The IRS has announced that the official beginning of the 2008 filing season will begin on January 16, 2009 for most taxpayers. That is the first day individuals can transmit e-filed tax returns.

It seems as if there are more tax law changes this year than ever before, and many of them are extensive. To further complicate matters, the majority of our federal changes are not conformed to by California laws. This will create a very interesting tax season.

There are a total of five new tax acts signed into law in 2008. Here are their names, dates, and highlights of changes involved. Conformity by California will be noted by each change.

1. EMERGENCY ECONOMIC STABILIZATION ACT OF 2008, also known as ”Bailout Bill”. This was a $700 billion bill, and includes $150 billion of tax incentives. It was signed into law October 3, 2008. Here are the highlights of this act:

• More taxpayers will qualify for the refundable child tax credit, as the formula has changed. California does not conform.
• Brought back, with more qualifying items, the home energy-efficient improvement credit …small wind energy property and geothermal heat pump property have been added; $500 credit reinstated for 2009 only; 10% of qualifying energy improvements limited to one lifetime $500 credit. California does not conform.
• Introduced a new credit for electric cars, starting in 2009. This will be a $2500 credit plus an amount for excel battery capacity, and this credit can offset AMT. California does not conform.
• Extended the AMT exemption and allowed long term unused AMT credits to be claimed over the next two years instead of five. The exemption amount has been increased for 2008 to $46,200 for single taxpayers, and $69,950 for married filing jointly taxpayers; also for 2008 non-refundable personal credits can be used against AMT. California does not conform.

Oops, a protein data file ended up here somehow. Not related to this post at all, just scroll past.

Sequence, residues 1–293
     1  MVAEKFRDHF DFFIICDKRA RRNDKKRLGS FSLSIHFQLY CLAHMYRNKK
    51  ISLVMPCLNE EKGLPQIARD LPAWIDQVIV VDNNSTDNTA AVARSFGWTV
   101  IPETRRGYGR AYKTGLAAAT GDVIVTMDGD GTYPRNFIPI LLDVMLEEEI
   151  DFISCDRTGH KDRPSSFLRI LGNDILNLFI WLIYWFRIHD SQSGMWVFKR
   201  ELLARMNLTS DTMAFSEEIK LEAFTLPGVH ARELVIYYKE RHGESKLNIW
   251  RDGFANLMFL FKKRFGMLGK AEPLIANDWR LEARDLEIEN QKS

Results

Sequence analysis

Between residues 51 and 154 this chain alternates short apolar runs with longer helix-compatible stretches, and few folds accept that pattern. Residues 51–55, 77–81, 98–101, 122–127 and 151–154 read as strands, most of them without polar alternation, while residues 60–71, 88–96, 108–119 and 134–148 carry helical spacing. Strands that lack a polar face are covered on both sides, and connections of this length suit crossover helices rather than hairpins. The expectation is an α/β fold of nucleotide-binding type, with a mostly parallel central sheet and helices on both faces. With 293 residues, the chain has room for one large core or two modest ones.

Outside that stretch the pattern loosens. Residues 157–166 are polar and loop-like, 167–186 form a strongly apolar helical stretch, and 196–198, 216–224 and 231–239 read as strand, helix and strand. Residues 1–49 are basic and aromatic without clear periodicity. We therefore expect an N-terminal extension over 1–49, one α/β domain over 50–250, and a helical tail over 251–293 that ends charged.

• Changed the definition of a “qualifying child” AGAIN and established a brand new tie-breaking rule to take effect 1/1/09. Tie breaking rules are modified if two taxpayers can claim the child as a qualifying child, the child may only be claimed by the taxpayer with the highest AGI. Also starting in 2009, a qualifying child must be younger than the taxpayer. California does not conform.
• Introduced three major changes to the casualty loss deduction. In a federally declared disaster losses are no longer subject to the 10% of AGI limit. California does not conform.
• Extended most expiring provisions through 2009. These include the teacher deduction, the sales tax deduction in lieu of state income tax, the tuition deduction, the IRA transfer to charity and others. California does not conform.

2. THE HOUSING AND ECONOMIC RECOVERY ACT OF 2008 was signed into law July 30, 2008. This was an attempt to aid the slumping housing industry and save an estimated 400,000 homeowners from foreclosure by allowing them to refinance to a lower cost FHA loan. The main changes:

• Allow a $7500 first-time homebuyer credit. There is an AGI phase out and limits, which are between $75,000 and $95,-000 for single filers and $150,000 and $170,000 for joint filers. The credit is the lesser of $7500 (joint filers) or 10% of the purchase price of a principal resident. This will be for purchases between 4/9/08 and 6/30/09 and the credit must be taken in the year of the purchase. First-time homebuyers cannot have had any ownership interest in a principal residence in the U.S. during the three year period prior to the purchase of the home. There are several exceptions to these qualifications. There is a $500 per year future recapture, starting in the second taxable year after the home was purchased. Because of this recapture requirement, the credit is more like a “loan” than a “credit”. This recapture amount will be treated as additional income to the taxpayer during the recapture period, possibly up to fifteen years. California does not conform.
• Allow an additional $500 (single) or $1000 (joint) standard deduction for real property taxes for 2008 and 2009. This especially benefits taxpayers who have paid off their mortgages such as retired people and taxpayers who buy their first house late in the year, resulting in only a few months of mortgage interest expense. California does not conform.